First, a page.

It’s just a little bit ironic that on this Good Friday, the Second Circuit decided a case that will be very important to religious institutions in Connecticut, New York and Vermont. Ultimately, it held that Title VII — which, among other things, prohibits discrimination based on race — is unconstitutional when applied to certain religious institutions, thereby confirming the existence of the "ministerial exception."
In Rweyemamu v. Cote (download here) , the Second Circuit decided an issue of first impression here. As the court noted, "This court has had no prior occasion to confirm the existence of the ministerial exception, and rarely an opportunity to discuss its scope."
And upon reflection, the court held, "we affirm the vitality of that doctrine in the Second Circuit. In our view, the ministerial exception is constitutionally required by various doctrinal underpinnings of the First Amendment."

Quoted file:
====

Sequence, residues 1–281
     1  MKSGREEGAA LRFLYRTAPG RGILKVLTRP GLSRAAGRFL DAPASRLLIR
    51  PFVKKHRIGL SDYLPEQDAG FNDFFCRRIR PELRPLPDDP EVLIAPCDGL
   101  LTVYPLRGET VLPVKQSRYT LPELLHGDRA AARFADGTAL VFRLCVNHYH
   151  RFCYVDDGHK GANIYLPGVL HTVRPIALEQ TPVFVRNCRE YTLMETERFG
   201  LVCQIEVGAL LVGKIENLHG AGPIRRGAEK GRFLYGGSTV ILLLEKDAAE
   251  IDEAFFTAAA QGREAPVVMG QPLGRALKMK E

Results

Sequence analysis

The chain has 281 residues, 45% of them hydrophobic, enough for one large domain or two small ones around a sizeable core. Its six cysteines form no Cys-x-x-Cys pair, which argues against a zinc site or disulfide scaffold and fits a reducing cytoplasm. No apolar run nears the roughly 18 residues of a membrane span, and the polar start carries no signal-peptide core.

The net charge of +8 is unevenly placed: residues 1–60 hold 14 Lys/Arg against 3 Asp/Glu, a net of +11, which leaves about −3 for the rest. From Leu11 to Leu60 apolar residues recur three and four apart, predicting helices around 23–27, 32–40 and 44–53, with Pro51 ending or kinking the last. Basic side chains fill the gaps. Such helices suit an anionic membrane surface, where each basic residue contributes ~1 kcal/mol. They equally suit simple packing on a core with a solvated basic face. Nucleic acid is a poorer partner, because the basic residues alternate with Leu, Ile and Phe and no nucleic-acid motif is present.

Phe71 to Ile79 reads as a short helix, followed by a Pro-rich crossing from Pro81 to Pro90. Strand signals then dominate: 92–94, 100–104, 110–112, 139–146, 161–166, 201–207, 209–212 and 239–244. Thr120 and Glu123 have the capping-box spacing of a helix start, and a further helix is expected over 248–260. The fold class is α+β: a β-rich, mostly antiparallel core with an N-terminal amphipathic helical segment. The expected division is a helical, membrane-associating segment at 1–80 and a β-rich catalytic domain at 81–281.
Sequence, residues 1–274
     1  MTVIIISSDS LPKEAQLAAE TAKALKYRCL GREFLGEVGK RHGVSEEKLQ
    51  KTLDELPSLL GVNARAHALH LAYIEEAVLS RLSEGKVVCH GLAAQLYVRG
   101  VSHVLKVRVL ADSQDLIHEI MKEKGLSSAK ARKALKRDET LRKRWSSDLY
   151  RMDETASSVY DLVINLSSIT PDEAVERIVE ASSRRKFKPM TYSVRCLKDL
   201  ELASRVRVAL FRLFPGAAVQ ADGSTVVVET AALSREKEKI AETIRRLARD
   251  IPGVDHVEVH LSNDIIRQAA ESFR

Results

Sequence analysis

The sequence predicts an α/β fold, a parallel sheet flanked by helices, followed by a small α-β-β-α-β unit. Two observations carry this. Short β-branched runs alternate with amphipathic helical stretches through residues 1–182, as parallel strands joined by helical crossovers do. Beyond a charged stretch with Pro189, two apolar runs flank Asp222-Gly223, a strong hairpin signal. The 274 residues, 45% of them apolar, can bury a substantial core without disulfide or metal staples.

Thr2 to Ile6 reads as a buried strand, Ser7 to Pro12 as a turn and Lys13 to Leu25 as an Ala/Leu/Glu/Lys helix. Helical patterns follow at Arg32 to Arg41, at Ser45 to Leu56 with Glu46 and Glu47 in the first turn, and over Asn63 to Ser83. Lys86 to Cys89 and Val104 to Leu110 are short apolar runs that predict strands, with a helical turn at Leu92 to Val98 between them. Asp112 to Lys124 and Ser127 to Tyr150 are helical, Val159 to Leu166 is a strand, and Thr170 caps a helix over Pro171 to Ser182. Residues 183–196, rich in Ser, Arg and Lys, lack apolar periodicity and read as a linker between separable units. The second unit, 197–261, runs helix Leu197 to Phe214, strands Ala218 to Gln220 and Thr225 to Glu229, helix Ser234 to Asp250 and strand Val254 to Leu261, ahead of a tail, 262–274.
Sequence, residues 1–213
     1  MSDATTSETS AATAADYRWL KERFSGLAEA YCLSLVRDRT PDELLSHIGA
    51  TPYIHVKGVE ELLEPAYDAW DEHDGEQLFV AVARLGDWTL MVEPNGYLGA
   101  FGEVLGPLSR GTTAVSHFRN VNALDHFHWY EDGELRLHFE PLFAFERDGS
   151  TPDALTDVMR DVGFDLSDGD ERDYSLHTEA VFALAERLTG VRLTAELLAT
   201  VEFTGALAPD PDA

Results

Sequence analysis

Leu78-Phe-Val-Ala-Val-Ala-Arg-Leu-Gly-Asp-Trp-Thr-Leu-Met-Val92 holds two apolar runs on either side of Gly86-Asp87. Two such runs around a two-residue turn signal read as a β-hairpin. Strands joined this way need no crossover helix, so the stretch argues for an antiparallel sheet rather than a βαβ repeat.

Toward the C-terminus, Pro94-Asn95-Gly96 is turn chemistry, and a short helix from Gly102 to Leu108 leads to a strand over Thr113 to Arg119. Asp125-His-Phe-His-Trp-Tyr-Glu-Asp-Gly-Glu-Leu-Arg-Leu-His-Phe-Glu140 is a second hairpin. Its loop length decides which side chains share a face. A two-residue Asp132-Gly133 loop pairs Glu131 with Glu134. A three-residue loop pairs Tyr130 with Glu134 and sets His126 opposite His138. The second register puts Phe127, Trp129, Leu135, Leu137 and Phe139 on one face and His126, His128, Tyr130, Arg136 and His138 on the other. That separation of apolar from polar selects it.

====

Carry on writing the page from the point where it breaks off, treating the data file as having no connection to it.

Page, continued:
The case arises from a lawsuit brought in Connecticut against the Roman Catholic Diocese of Norwich. The Plaintiff, claimed that its Bishop, misapplied canon law in denying him a requested
promotion and, ultimately, in terminating him. Father Justinian Rweyemamu, an African-American Catholic priest, claimed racial discrimination in a Title VII suit against the Bishop and the
For any religious institutions in the state, this case should now be required reading and required consideration when faced with any employment-related decisions. The amount of protection that this exception offers — while not absolute — is significant. When my trial ends, I hope to provide more information about it, but for now, its worth taking a look at.
For those curious, both sides had notable Connecticut attorneys. The Plaintiff was represented by Norm Pattis, who has an amusing blog here as well as a weekly column in the Law Tribune. And, on a personal note, I used to work with Meredith Diette, who successfully represented the defendants in this case and wish her congratulations on the results she achieved for her client.